An older friend is Natalie Dessay. Well familiar to us, her intensity, her ability to find a dramatically logical physical flourish to go with a vocal one, her sense of fun at curtain calls, her spontanaeity. All on display here, to great effect. What I wasn't expecting was how much freer her voice sounds in this score than in Lucia, though her top isn't available nonstop like water from a tap like it used to be. Some will find her comic sensibility over the top, but it's an opera that begs for it. I think I've never seen anything so funny on an operatic stage as her brief piano solo during "Salut a la France." Also, she wins the Teresa Stratas Prize for being able to sing a high Q while being toted around or doing something that looked like moshing. It's a little bit of a shame that what they're taking out of the crate for her next season is something as dramatically stillborn as Sonnambula but then a Greek lady once made something of it, and wasn't it the Sonnambula scene in which she was so on fire at the Volpe gala?

Felicity Palmer remains a great asset to the company in whatever she does. I'm dying to know if she was singing anything in particular during her most comic moment (a good deal of the humor made use of the piano) or just improvising wildly, and I think she gets a prize as well for accompanying Dessay in the beginning of the trio. Marian Seldes, given sort of odd lines in an updated script, did a lot by means of her inherently expressive bearing.

Now the production I don't know quite what to do with. As you can see, I thought a good deal of it was funny, but there was some amount of WTFery going on, too, some clunky, unamusing staging for the regiment and other groups of chorus/supers, business I'd have to describe with a word like "zany" or some descriptor with a little self-destruct built in like that. The postcards that descend from the flies I find mystifying, and all the undergarments in the first act, cute at first but maybe overused. Overused underwear, great, didn't mean to leave you with quite that image early in the day, but..."Il faut partir," is not a comic number--it should be, while not grand tragedy, sweetly sad, and the audience giggled, as anyone might, when Dessay began it trudging across a stage, trailing a phalanx of soldierly underpants. On the whole it brought me neither delight nor fury, but I did wonder that it had been such a hit in London, unless that was just about the singers themselves, I suppose. The production team recieved a friendly but not raucous ovation, and it seemed about right.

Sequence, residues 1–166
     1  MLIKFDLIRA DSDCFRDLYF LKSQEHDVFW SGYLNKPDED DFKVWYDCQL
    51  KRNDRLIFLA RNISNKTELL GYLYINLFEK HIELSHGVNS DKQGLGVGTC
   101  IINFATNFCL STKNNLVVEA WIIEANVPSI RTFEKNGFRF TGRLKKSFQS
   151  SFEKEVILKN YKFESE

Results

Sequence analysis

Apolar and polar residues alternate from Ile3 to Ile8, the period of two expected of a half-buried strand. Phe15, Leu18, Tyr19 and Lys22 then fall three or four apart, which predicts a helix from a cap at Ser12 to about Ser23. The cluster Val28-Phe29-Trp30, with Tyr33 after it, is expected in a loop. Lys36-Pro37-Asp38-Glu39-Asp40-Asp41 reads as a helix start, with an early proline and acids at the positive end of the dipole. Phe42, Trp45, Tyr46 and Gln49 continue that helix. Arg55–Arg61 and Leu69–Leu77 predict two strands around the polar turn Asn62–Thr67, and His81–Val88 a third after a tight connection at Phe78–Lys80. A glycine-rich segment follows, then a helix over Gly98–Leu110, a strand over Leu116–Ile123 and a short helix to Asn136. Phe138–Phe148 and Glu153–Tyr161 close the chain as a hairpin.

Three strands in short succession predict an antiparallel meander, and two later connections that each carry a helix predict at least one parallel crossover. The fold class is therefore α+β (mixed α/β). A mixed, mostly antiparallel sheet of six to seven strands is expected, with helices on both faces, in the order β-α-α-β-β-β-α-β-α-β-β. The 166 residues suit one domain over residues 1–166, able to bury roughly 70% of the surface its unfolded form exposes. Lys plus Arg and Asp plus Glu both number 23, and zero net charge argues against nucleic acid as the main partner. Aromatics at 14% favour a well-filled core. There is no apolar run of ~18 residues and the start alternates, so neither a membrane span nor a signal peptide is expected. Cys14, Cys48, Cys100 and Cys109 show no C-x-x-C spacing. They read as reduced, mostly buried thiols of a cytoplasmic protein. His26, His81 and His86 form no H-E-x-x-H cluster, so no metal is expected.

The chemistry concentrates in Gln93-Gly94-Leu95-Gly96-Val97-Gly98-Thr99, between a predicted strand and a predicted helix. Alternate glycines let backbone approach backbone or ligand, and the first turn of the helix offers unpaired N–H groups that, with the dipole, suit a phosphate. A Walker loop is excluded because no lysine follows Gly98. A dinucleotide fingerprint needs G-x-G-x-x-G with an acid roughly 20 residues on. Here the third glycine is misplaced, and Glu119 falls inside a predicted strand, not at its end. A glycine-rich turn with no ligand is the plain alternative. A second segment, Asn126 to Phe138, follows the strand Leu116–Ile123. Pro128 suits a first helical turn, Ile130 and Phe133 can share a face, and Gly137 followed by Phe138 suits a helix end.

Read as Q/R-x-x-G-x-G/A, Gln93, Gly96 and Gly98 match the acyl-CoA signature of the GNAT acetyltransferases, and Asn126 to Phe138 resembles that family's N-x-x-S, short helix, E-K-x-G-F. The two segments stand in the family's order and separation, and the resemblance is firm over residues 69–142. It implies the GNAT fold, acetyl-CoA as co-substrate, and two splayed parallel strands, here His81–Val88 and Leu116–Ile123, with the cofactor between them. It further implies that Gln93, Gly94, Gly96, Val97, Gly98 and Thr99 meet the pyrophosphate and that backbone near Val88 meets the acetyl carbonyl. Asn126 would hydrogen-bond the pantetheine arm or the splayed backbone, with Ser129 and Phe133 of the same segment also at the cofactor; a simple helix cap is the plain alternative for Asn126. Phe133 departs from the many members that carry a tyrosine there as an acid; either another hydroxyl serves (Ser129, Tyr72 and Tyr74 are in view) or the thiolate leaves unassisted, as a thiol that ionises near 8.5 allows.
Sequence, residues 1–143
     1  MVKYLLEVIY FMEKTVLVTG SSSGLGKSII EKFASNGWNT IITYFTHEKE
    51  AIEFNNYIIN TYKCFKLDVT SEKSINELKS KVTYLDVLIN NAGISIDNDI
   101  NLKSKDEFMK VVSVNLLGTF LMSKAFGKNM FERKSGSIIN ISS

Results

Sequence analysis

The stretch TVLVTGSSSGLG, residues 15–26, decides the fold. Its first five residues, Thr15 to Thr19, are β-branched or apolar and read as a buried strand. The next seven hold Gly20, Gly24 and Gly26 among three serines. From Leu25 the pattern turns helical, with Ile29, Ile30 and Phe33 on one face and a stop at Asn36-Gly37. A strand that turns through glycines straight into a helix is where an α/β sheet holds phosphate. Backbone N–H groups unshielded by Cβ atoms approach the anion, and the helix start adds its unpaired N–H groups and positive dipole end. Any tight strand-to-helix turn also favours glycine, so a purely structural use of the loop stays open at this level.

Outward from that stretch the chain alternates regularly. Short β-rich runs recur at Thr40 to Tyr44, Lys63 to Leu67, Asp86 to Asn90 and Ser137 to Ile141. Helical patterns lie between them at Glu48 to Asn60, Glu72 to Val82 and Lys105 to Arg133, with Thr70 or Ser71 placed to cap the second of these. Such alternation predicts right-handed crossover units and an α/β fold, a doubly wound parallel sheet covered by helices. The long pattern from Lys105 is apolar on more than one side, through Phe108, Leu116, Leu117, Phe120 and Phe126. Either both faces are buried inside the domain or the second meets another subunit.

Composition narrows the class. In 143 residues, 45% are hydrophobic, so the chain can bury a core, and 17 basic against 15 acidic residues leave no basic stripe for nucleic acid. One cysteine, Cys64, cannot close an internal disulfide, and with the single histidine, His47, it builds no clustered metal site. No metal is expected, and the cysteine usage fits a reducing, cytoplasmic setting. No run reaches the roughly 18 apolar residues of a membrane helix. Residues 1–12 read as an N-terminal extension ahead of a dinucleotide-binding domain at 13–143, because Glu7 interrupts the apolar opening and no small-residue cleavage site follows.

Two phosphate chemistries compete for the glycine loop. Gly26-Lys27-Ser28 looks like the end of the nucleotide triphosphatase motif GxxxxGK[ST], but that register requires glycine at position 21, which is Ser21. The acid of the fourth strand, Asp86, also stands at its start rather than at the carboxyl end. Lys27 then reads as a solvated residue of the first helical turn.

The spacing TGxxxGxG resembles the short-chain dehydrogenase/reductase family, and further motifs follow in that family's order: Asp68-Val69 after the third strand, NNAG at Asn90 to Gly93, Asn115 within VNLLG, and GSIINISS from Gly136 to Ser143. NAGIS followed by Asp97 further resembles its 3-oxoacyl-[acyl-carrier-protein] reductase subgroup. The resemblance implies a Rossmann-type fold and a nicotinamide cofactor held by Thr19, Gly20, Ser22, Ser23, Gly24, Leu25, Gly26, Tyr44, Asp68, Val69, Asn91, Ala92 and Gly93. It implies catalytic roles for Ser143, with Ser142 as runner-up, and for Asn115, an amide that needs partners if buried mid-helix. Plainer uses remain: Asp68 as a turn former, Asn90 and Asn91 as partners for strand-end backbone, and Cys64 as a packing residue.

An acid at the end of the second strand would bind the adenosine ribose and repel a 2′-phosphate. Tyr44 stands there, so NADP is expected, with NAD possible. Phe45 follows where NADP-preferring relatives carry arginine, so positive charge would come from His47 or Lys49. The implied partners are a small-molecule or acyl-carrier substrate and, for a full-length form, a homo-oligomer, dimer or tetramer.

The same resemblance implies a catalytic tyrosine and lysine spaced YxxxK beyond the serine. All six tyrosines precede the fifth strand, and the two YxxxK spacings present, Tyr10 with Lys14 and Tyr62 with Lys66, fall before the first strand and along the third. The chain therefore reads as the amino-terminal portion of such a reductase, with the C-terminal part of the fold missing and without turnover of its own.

My god, did anyone else notice that the season is drawing to a close?

Next up: maybe a Macbeth with the notably more intriguing cast

*JSU dissents, and I concede that I am at least to an extent making a point. Which is that the requirements of the aria are steep but narrow, and do not engage what I like best about the singer in question, his astonishing florid technique. And for some reason the staccato attack on the first of each pair of c's I find a tiny bit jarring.


Anonymous said...

Maury - I think you mean crowd surfing instead of moshing. Moshing is technically the subtle art of hurling your body at others in a large pit.

But thank you for your always insightful and humorous reviews. Any plays in the future after the Met season?